Taking a public holiday
Thinking about whether a day would “otherwise be a working day” is key to determining an employee’s entitlement regarding public holidays, alternative holidays, sick leave and bereavement leave.
In most cases, whether a day would “otherwise be a working day” is clear because the working week or roster is constant and both the employer and employee can understand and agree about whether the employee would otherwise work on the day.
Where the employer and the employee cannot agree whether a day would “otherwise be a working day”, they should consider the following issues:
- What the employment agreement says.
- The employee’s usual work patterns.
- The employer’s rosters or other similar systems.
- The reasonable expectations of the employer and employee as to whether the employee would work on the day concerned.
- Whether the employee works for the employer only when work is available.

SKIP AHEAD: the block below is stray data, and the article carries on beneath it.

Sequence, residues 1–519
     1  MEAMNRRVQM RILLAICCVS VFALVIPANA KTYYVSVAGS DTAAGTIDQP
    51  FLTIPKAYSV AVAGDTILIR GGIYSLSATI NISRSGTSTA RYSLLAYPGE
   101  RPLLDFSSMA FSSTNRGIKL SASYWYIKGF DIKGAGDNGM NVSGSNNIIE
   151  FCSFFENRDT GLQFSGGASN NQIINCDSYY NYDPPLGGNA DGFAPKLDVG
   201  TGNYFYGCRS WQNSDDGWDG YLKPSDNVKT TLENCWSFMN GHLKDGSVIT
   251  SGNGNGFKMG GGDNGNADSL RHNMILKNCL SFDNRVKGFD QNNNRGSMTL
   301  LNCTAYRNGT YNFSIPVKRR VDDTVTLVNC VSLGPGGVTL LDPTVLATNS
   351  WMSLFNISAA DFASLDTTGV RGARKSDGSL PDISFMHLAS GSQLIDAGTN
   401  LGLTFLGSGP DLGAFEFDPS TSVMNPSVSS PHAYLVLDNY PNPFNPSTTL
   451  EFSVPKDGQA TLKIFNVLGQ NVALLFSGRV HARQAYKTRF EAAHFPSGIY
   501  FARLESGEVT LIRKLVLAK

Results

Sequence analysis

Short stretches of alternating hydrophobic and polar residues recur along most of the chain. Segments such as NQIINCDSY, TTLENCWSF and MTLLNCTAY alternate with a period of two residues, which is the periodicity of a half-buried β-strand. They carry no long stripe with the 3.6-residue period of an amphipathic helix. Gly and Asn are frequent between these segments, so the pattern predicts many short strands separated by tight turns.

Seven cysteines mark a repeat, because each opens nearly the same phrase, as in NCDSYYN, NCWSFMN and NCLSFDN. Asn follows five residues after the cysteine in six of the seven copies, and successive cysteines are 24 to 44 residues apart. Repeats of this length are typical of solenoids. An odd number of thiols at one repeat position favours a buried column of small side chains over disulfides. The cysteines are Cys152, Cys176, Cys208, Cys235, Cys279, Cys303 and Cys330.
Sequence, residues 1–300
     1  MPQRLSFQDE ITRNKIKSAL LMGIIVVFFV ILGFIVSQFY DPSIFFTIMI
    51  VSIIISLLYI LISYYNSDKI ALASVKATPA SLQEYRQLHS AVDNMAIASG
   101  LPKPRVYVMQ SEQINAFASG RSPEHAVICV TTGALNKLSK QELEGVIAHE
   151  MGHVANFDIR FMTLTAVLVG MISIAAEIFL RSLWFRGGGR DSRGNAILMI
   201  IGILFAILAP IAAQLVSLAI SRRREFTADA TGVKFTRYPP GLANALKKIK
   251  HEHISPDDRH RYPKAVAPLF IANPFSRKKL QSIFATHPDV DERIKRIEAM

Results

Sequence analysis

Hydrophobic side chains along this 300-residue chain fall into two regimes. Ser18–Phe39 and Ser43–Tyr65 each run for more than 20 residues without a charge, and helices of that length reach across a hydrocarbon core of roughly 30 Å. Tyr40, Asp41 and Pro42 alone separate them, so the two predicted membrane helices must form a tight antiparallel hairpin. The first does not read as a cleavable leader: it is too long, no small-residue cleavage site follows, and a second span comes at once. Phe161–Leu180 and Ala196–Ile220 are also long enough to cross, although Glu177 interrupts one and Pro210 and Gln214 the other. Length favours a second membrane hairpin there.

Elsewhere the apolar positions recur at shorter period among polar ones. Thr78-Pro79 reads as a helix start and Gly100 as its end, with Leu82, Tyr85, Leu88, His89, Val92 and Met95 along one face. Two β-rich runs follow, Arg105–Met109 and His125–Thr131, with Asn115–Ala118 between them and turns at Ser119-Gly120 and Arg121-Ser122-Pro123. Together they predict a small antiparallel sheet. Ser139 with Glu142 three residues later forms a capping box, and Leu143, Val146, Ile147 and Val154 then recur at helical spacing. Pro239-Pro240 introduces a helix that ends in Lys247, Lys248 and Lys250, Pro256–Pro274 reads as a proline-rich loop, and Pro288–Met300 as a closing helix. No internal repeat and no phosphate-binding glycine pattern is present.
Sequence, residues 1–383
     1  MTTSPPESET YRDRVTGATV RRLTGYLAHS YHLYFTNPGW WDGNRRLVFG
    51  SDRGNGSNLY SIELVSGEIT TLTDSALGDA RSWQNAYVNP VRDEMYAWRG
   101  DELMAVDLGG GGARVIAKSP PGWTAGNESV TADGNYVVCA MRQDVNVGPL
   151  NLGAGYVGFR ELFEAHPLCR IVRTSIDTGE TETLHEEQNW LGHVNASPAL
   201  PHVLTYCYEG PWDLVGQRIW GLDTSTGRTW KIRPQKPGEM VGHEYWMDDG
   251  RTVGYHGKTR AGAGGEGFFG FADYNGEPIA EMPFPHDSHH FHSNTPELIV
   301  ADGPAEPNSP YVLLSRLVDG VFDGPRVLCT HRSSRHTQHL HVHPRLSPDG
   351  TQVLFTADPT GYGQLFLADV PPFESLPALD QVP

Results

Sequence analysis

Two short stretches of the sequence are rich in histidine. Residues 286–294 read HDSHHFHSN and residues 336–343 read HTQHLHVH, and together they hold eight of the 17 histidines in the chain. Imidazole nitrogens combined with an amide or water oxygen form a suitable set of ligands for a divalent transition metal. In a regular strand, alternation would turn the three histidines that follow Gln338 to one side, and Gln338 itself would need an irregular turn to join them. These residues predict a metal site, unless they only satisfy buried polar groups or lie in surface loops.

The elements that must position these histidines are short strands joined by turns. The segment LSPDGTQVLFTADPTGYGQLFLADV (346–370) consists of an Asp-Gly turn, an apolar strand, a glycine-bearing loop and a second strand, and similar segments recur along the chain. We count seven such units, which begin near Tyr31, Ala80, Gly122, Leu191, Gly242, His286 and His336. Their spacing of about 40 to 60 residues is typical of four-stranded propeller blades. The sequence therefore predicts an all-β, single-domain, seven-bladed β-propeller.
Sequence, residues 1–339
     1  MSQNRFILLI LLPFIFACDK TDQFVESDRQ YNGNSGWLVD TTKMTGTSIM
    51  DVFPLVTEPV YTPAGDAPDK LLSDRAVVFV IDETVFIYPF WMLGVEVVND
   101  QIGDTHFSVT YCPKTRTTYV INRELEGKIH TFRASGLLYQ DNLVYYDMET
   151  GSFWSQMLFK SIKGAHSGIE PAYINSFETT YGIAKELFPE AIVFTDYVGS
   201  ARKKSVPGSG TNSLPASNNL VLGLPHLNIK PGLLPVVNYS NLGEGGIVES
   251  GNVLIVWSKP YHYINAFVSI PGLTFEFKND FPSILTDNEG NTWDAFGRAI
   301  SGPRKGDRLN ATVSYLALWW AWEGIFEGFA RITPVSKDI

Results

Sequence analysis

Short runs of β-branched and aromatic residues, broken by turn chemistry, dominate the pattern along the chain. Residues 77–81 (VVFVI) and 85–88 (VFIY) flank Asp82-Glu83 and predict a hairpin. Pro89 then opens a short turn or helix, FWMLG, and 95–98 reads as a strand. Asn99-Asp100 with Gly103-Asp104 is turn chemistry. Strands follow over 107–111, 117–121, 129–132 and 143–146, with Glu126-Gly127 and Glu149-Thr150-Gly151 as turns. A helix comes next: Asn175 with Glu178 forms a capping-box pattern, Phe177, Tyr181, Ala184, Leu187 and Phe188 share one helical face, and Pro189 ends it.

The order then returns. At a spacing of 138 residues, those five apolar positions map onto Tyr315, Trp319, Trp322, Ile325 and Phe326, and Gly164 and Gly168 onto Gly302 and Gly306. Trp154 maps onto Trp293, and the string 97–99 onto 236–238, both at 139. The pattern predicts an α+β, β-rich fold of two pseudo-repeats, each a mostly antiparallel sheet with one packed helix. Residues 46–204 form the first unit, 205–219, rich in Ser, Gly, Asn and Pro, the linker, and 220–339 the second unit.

- Whether, but for the day being a public holiday, an alternative holiday, or a day on which the employee was on sick leave or bereavement leave, the employee would have worked on the day concerned.
- Whether it is during a customary closedown period
- Any other relevant factors.
If the employer and employee are unable to reach agreement, a Labour Inspector has the power to determine the matter, taking into consideration the same issues.
If an employee has a day off on a public holiday, the employee is paid for that day if it would “otherwise be a working day” for them.
- If a part-time employee normally works four hours each day on Tuesday and Wednesday and normally works eight hours on Friday, the employee will be given Good Friday off with eight hours’ pay, but will not be entitled to pay for Easter Monday.
- Where an employee’s roster requires three 10-hour days on Monday to Wednesday one week (week one) and the same hours on Thursday to Saturday the following week (week two), and if week one coincides with the week in which Good Friday falls, this employee will not get paid for Good Friday or Easter Monday (that will fall in week two) because they would not have been scheduled to work on that Friday or Monday. If, however, week two coincides with Good Friday, the employee will be entitled to a holiday on pay for both Good Friday and Easter Monday.